If the Trump Administration gets its way in ending federal funding for public broadcasting (see the budget proposal out today), it wouldn't spell the end of NPR, PBS, or the radio and television programs that many Americans cherish. The biggest impact would be on rural stations that rely on government dollars for a large share of their operating budgets. Several reporters have noted that these rural stations "serve" communities that skew heavily Republican, claiming irony. "[D]efunding the Corporation for Public Broadcasting," the Washington Post's Callum Borchers writes, "would mean hurting the local TV and radio stations that a whole lot of Republican voters watch and listen to."
We don't actually know how many Republican voters (or anyone for that matter) watch and listen to NPR or PBS in these rural communities because the networks keep that information private. If saving the rural stations is the main reason to maintain federal funding, don't taxpayers have a right to see multi-year ratings data? In a press release responding to the budget cuts, PBS merely cites its old talking point that public broadcasting costs each citizen just $1.35 per year. Just because something's comparatively cheap doesn't make it worth buying.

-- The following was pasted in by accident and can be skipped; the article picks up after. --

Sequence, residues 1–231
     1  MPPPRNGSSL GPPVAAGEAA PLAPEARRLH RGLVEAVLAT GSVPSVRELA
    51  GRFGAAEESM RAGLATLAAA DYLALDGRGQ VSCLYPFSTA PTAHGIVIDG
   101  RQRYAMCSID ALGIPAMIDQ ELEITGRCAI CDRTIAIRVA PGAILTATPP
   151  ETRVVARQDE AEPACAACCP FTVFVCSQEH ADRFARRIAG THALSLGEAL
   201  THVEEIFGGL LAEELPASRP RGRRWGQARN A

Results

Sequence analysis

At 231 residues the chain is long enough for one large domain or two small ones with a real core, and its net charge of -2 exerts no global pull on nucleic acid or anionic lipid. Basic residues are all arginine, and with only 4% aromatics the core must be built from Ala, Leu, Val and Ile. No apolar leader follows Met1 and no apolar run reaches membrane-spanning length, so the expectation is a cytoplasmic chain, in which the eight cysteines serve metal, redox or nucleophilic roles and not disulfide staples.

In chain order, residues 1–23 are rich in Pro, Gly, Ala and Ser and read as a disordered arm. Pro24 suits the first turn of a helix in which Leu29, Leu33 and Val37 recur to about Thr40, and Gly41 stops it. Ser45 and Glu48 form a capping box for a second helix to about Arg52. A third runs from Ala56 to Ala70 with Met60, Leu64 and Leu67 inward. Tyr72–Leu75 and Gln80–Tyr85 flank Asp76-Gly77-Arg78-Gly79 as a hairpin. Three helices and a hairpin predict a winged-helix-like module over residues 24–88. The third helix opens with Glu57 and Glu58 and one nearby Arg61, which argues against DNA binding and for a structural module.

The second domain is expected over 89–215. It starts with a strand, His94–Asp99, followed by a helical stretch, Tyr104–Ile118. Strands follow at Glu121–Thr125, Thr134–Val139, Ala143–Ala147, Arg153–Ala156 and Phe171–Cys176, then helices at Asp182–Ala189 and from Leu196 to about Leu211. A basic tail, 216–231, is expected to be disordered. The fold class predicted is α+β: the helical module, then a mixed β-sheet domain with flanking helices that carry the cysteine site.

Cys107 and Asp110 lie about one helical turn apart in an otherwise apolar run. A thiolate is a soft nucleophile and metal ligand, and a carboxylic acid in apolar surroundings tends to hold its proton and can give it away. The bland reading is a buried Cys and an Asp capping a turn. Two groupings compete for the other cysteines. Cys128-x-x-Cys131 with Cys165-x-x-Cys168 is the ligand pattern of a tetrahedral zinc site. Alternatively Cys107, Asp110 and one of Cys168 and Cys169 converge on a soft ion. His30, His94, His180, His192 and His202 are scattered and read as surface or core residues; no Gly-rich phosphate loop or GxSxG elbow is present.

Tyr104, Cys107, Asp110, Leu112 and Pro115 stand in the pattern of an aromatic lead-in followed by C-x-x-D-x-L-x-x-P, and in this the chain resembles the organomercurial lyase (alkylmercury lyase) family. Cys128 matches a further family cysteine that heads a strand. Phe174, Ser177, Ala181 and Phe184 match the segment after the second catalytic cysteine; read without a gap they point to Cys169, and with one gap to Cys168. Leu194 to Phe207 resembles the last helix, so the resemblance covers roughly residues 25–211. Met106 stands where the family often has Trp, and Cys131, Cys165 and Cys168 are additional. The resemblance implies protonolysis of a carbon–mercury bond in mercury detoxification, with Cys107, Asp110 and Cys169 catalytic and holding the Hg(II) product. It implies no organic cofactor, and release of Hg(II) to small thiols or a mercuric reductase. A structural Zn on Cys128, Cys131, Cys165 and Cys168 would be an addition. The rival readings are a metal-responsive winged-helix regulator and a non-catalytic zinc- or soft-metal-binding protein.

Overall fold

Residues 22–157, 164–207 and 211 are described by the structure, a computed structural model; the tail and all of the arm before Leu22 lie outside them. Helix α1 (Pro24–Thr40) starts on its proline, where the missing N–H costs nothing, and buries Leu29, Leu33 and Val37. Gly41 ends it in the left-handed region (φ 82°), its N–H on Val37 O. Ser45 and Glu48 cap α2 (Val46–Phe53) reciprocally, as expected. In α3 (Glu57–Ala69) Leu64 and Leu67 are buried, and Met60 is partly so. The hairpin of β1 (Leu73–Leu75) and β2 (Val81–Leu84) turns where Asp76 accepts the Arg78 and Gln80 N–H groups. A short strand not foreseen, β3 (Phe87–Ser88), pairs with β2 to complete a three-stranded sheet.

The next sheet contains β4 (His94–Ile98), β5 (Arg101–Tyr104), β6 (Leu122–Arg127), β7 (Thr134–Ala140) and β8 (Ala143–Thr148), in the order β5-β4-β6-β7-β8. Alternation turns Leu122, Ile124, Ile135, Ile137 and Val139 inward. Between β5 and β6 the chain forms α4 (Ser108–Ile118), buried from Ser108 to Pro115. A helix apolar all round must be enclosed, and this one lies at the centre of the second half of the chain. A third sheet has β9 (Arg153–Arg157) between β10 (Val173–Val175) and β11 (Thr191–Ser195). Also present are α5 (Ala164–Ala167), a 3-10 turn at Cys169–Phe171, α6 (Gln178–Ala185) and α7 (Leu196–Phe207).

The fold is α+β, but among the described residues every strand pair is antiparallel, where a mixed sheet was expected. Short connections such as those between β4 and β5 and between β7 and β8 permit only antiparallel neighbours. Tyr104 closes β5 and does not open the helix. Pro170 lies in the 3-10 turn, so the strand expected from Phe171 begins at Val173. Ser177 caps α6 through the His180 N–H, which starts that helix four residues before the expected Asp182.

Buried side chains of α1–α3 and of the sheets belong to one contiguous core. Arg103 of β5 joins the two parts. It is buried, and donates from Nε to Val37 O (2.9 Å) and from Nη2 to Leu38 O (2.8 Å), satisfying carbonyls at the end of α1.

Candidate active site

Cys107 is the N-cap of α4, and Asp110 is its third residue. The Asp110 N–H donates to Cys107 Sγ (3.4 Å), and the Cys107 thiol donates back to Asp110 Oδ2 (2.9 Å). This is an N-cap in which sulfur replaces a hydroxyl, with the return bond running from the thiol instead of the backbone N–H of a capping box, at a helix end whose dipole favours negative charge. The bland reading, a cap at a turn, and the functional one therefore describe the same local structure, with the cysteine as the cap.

The notion of a television station "serving" a community is outdated. You don't hear Netflix, YouTube, and Hulu boasting that they "serve" one area of the country or another. As I argued in a recent video, the mean reason to end federal funding to these stations is that the media landscape looks nothing like it did in 1967, when Lyndon Johnson signed the Public Broadcasting Act:
When the Public Broadcasting Act became law, maintaining a network of regional stations was the only way to insure that every American household had access to public television and radio content. Today, this decentralized system isn't necessary because it's possible to stream or download NPR or PBS content from anywhere in the world. As audiences moves online, the regional stations supported by the federal government are becoming unnecessary.
Watch the video: